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our man in Baghdad
BAGHDAD, Iraq — Prime Minister Nouri al-Maliki on Tuesday ordered the lifting of joint U.S.-Iraqi military checkpoints around the Shiite militant stronghold of Sadr City and other parts of Baghdad — another apparent move to assert his authority with the Americans and appeal to his Shiite support base. - from this news item
This countermands the American directive and the cordon which was intended to help American soldiers find the Iraqi-born translator who may have been kidnapped.
Again and again Maliki has shown an indifference to American desires. He was preparing some months ago to offer amnesty to those “insurgents” who had killed "only" American soldiers, until an outcry in this country forced the Bush Administration to tell him he couldn’t do it. He expects the Americans to fight and die for his regime, a regime like the previous one is prepared to soak the Americans for all they are worth, all the billions they can provide (and how many former high Iraqi officials siphoned off how many billions, paid for by American taxpayers most of whom will never know the high life now to be enjoyed, for the rest of their lives, by those “Iraqi” patriots who made out like gangbusters on American aid, and are now living it up, outside Iraq, or in Europe, possibly attending the same defiles on the Avenue Montaigne as Suha Arafat).
He is not, and cannot be, a “friend of America.” He is willing to endure the American presence only so long as it strengthens him, and weakens the Sunni insurgents. And the Sunnis, in turn, or those not in the immediate “insurgency,” may now want the Americans to stay for the same reasons – in order to protect them from the full force of the Shi’a. That’s it. That the Administration refuses to understand this, and keeps making policy based on hope, and on all the Unrepresentative Men (Chalabi, Allawi, Makiya, and the tiny group of semi-decent mid-level former Iraqi officers who have unduly impressed American officers, and thus lead them to all kinds of rosy misconceptions and hopes, but are in fact the rare exceptions, not the rule) that were in exile, or have tried with this or that group of soldiers or policemento do the impossible in Iraq, which is to make them drop their sectarian and ethnic and even tribal allegiances. Simply cannot be done.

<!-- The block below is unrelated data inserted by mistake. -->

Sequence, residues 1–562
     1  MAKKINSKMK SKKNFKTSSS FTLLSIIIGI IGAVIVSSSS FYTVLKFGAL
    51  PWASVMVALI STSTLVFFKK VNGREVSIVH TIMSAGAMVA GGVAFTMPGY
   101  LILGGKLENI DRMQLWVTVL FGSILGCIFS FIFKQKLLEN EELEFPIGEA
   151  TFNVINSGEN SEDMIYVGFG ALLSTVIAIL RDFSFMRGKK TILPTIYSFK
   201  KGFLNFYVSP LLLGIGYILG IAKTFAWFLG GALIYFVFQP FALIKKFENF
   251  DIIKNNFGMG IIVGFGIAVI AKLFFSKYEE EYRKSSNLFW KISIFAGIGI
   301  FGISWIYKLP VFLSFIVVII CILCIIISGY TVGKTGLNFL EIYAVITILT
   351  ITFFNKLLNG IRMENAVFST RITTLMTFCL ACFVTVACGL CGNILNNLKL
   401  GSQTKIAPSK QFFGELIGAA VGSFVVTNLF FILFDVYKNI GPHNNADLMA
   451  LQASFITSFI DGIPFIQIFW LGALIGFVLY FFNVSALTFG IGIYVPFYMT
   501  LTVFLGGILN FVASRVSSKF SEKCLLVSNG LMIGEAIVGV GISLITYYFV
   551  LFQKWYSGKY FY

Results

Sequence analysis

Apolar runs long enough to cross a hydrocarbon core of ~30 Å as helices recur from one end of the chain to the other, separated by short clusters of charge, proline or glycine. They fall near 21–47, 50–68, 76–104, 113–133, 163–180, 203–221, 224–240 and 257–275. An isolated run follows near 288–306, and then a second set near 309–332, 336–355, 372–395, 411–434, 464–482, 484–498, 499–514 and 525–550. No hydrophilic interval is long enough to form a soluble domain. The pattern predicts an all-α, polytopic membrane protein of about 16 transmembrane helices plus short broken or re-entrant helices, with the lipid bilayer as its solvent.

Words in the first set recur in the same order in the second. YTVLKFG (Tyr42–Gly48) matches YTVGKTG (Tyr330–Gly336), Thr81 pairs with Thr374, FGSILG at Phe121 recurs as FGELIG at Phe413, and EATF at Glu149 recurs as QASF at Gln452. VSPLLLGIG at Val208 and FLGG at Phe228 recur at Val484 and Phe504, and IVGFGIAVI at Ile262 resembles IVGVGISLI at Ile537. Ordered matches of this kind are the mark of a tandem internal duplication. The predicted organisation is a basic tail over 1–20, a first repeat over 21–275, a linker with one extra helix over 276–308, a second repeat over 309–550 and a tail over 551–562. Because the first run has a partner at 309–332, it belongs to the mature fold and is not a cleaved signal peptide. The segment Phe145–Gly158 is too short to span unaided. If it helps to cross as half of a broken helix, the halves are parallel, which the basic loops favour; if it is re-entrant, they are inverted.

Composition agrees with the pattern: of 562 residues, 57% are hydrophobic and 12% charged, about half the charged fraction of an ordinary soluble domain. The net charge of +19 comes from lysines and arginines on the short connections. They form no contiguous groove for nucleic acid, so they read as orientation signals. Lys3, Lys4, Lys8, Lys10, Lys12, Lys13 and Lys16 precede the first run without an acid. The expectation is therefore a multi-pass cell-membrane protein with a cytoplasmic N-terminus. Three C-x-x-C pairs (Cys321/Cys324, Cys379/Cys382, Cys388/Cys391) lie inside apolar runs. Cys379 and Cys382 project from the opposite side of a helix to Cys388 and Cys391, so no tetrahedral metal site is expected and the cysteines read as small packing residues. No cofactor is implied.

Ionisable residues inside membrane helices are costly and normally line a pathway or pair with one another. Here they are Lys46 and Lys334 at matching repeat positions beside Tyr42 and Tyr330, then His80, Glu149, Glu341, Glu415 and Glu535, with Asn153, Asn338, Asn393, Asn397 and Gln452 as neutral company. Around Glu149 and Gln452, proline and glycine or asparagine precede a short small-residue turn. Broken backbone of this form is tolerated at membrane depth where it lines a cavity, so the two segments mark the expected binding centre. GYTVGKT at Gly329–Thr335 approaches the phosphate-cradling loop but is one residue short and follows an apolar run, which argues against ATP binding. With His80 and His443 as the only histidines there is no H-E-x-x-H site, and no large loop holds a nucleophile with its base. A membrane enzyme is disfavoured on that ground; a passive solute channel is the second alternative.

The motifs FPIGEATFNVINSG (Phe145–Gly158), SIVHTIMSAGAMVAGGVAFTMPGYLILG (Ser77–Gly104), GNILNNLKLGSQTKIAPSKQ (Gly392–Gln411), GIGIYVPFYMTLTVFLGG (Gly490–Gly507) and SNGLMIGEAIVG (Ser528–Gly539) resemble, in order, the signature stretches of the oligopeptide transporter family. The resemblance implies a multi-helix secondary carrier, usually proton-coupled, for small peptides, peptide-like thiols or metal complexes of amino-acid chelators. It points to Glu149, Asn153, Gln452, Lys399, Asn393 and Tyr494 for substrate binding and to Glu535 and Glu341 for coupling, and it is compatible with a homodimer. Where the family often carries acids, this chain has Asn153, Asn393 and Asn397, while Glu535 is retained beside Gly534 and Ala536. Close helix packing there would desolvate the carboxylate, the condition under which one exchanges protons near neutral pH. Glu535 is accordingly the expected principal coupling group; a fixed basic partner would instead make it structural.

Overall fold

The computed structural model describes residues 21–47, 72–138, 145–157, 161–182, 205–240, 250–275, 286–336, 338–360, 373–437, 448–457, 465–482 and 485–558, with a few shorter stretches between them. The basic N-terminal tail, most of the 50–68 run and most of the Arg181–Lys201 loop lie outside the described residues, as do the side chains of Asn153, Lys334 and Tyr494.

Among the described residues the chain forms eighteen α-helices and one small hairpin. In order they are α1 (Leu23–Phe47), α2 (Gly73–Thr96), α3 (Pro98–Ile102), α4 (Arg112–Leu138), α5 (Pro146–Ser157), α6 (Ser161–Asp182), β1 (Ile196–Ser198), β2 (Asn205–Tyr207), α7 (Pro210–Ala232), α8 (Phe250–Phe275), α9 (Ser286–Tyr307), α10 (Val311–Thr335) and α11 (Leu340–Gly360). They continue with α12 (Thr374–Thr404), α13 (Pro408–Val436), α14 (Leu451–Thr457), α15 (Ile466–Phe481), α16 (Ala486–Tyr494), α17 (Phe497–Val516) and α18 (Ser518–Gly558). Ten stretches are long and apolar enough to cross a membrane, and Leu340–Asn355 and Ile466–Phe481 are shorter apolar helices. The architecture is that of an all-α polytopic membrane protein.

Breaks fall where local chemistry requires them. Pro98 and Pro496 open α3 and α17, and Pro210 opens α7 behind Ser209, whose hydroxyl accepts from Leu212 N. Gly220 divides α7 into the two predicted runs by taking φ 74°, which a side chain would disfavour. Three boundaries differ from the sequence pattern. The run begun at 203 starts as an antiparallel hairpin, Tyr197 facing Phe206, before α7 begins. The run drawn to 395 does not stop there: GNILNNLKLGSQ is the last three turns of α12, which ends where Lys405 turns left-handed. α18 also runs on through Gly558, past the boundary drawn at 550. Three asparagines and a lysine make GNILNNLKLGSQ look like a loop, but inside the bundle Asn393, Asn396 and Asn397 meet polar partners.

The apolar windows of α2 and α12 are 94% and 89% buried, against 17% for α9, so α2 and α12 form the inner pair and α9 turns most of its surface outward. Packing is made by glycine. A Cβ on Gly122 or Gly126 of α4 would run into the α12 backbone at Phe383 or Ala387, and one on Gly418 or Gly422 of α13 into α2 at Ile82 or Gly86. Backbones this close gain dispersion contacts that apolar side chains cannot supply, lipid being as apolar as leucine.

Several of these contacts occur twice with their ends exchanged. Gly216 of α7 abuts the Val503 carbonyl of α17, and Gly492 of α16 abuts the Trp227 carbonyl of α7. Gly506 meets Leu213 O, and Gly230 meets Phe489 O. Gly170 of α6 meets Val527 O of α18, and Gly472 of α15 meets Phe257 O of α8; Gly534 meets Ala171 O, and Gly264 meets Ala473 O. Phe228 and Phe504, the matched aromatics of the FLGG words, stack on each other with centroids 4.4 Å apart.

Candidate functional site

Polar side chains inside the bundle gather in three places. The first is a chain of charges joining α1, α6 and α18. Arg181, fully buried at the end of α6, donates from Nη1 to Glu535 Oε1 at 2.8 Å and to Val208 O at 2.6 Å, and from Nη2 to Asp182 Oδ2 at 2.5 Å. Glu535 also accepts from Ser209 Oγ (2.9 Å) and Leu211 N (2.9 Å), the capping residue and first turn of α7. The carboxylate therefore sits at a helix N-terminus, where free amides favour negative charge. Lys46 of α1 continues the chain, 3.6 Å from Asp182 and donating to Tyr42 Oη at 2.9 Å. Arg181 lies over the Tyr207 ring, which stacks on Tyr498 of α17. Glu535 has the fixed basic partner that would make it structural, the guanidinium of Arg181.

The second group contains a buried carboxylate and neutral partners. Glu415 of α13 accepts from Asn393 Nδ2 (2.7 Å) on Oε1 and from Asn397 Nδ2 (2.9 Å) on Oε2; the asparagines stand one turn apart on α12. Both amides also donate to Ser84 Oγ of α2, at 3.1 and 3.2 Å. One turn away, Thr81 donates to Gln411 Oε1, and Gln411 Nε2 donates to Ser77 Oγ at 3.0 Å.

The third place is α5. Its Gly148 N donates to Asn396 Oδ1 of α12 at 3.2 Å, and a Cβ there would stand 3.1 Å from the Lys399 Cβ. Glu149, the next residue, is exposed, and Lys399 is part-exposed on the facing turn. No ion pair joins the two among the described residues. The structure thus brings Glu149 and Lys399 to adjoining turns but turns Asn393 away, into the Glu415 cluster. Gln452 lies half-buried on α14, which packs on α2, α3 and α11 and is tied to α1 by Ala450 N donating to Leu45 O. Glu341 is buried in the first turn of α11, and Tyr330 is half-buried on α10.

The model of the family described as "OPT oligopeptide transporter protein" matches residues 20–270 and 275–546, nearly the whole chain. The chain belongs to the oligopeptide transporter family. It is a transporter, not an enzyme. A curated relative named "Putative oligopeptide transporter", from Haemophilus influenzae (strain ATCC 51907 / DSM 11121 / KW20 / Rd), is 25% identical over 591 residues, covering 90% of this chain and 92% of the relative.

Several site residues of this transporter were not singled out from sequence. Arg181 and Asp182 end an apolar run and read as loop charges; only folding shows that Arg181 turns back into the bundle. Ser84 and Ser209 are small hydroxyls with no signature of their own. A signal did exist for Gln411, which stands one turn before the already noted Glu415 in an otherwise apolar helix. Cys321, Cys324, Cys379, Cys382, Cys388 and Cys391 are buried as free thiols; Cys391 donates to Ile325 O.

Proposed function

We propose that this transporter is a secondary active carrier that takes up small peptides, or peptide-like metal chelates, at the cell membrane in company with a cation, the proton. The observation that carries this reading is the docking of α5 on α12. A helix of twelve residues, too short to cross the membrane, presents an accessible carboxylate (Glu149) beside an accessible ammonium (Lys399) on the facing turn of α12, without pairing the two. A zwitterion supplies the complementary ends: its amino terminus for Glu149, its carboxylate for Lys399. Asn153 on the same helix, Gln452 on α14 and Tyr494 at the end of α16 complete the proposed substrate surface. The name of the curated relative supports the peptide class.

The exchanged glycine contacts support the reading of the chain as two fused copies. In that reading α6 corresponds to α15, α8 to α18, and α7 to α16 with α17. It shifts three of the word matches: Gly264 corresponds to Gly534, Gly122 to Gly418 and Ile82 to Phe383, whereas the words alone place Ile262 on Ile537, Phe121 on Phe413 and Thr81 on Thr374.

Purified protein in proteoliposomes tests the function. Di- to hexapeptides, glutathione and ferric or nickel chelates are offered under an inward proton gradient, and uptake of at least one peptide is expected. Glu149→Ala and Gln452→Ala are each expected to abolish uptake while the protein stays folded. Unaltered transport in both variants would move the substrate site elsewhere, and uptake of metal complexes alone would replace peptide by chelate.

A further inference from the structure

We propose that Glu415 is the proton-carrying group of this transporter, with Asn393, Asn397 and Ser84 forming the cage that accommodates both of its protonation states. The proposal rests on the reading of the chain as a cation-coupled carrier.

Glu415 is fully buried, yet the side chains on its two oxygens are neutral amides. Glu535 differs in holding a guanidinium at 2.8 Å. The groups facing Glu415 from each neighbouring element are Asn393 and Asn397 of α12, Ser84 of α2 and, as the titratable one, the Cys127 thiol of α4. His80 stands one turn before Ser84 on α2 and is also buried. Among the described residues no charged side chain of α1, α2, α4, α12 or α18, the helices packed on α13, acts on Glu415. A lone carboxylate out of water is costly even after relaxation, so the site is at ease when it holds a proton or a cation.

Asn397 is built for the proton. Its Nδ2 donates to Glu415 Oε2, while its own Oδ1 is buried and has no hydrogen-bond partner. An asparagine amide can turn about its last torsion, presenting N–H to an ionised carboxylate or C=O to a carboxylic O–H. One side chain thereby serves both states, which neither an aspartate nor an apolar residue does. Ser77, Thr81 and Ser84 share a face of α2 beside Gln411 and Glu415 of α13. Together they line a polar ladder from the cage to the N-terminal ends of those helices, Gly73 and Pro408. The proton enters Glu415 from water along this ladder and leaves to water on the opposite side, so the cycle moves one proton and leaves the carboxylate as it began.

Why is this hard to understand? What is so complicated about it?
Why is Maliki, why are any Iraqis, allowed to interfere with American military decisions undertaken to protect or recover its soldiers? Why, for that matter, did Bush ever say that "we will leave" when "the Iraqis" tell us "they are ready to have us leave." When, in the history of the American government, did a President say that "we will leave when the locals are good and ready to have us leave." An incredible attitude, a complete abdication of responsibilty. And if it not the "Iraqis" then it is "the generals" who will tell me about what tactics to employ.
But what if it is not the "tactics" that concern the generals, but the strategy? What if "the genrals" wish to tell Bush the one thing he will not let them tell him -- that he has the wrong policy in Iraq, that we should be exploiting these ethnic and sectarian tensions, not trying to end them. Of course they won't. They haven't been permitted to think for themselves in this area, haven't allowed themselves to learn about Islam and to realize that the "war on terror" is a dangerous misnomer, or to think about the other instruments of war -- propaganda, counter-Da'wa, stopping the demograpohic conquest of the countries of the Western alliance, of NATO -- no, this one cannot expect of them. But one can expect that the way in which Bush has palmed off responsibilities on both the Iraqis and on the American generals, but not permitted any questioning by the latter of his policy, permitting only advice on the tactics by which his stated aims (that "victory" we hear so much about, that damned "victory" in the "war on terror"), ludicrous and self-defeating and wasteful and impossible of achievement as they are, are supposed to be attained.